God the Best Portion of the Christian – Jonathan Edwards (1736)

Posted On March 31, 2020

Two hundred years after Calvin published his first edition of The Institutes, Jonathan Edwards preached a sermon about being content in God. The title of the sermon was God the Best Portion of the Christian. Edwards’s text is Psalm 73:25, “Whom have I in heaven but thee? and there is none upon earth that I desire besides thee.”

The central truth is set forth at the beginning of the sermon, in deductive fashion: It is the spirit of a truly godly man, to prefer God before all other things, either in heaven or on earth.

Two propositions comprise this short sermon.

  1. A godly man prefers God before anything else in heaven.

Edwards presents the God-centered paradigm in this section by leading readers on the correct biblical path.  He notes, “Every godly man hath his heart in heaven; his affections are mainly set on what is to be had there.  Heaven is his chosen country and inheritance.”

The godly man sets his affection on beauty, which is to say his heart is oriented to God and the things of God. “Now the main reason why the godly man hath his heart thus to heaven,” writes Edwards, “is because God is there; that is the palace of the Most High. It is the place where God is gloriously present, where his love is gloriously manifested, where the godly may be with him, see him as he is, and love, serve, praise, and enjoy him perfectly.”

  1. It is the temper of a godly man to prefer God before all other things on the earth.

The highest priority for the follower of Christ, according to Edwards, is on the Triune God. Three points highlight the heart of the Puritan preacher:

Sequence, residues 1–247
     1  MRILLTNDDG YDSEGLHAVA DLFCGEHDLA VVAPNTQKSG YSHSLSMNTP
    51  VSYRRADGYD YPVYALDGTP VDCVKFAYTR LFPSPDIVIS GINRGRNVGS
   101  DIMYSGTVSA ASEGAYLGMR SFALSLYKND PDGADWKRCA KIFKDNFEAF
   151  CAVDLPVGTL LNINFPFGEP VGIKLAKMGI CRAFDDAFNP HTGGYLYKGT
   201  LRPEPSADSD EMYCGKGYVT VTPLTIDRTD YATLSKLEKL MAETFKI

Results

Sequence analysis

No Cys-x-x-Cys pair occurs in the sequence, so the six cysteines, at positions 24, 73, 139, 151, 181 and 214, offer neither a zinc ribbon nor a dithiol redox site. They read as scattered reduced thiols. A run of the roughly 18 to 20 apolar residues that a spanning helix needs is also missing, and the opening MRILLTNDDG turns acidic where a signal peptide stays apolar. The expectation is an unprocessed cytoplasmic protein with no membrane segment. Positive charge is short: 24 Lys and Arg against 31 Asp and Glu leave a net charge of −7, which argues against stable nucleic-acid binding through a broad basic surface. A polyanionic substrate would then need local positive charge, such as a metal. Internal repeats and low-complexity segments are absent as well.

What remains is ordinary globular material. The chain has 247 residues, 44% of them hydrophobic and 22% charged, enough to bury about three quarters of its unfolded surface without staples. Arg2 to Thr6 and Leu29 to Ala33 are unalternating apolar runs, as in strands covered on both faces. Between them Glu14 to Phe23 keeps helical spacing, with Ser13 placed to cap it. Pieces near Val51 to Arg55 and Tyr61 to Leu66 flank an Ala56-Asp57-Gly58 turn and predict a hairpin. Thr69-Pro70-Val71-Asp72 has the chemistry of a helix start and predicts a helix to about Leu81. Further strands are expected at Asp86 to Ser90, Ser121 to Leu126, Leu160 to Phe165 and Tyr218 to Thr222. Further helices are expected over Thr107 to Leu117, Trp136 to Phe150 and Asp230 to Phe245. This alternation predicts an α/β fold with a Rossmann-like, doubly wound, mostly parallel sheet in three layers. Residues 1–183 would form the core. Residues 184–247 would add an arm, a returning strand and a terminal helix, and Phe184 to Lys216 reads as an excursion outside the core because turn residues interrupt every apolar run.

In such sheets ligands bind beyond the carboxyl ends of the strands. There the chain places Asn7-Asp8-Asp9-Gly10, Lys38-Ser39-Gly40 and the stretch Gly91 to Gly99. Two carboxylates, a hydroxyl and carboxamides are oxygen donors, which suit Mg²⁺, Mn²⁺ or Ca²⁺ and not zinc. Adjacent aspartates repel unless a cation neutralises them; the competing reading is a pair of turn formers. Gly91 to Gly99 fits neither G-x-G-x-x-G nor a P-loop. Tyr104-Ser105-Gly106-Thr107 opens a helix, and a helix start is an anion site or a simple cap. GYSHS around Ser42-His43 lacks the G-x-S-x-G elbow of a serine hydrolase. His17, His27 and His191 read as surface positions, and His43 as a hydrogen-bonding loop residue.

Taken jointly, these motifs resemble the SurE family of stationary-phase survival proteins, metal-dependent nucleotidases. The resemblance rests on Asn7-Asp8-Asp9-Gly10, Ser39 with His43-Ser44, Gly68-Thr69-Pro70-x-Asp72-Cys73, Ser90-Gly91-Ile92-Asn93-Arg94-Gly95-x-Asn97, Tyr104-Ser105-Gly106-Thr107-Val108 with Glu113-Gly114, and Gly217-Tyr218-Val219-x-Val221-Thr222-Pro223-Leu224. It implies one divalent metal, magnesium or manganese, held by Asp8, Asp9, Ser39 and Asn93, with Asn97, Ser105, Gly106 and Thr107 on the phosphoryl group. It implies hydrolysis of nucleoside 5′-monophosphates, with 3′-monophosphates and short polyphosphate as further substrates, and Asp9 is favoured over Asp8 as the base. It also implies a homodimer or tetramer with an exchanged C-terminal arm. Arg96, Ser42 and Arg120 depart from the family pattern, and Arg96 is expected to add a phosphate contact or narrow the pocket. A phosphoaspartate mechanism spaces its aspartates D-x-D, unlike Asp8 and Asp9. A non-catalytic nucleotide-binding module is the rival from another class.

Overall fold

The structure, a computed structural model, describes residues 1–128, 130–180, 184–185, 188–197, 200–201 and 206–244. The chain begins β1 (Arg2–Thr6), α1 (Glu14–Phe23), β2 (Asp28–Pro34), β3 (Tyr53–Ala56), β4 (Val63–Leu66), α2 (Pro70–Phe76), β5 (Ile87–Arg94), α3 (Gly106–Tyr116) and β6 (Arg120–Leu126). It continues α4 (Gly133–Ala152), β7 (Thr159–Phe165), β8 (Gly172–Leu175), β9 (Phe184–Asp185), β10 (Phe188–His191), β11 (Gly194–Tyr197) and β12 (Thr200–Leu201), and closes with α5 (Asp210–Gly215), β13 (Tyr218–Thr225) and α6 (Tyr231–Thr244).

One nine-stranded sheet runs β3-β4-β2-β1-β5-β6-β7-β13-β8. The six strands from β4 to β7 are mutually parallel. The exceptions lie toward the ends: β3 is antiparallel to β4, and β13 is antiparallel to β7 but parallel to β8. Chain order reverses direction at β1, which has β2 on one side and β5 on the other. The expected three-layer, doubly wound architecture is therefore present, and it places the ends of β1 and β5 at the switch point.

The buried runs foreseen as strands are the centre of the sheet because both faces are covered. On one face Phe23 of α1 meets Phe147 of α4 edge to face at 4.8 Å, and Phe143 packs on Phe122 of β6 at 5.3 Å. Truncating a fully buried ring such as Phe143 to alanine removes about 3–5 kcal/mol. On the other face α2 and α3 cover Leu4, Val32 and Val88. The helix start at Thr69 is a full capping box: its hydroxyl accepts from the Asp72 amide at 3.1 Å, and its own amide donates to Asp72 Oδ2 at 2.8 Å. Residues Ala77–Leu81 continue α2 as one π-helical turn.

1. The saint prefers that enjoyment of God, for which he hopes hereafter, to anything in the world.
  2. The saints prefer what God may be obtained in this life before all things in the world.
  3. The saints prefer what he hath already of God before anything in this world.

Application

As usual, Edwards concludes his sermon with several points of application. Five penetrating questions are posed:

  1. What is it which chiefly makes you desire to go to heaven when you die?
  2. If you could avoid death and might have your free choice, would you choose to always live in this world without God, rather than in his time to leave the world, to be with him?
  3. Do you prefer Christ to all others as the way to heaven?
  4. If you might go to heaven in what course you please, would you prefer to all others the way of a strict walk with God?
  5. Were you to spend your eternity in this world, would you choose instead to live in mean and low circumstances with the gracious presence of God, to live forever in earthly prosperity without him?

Jonathan Edwards offers perspective and godly wisdom in a sermon that directed his 18th-century hearers heavenward and continues to beckon followers of Christ to the Celestial City.

 

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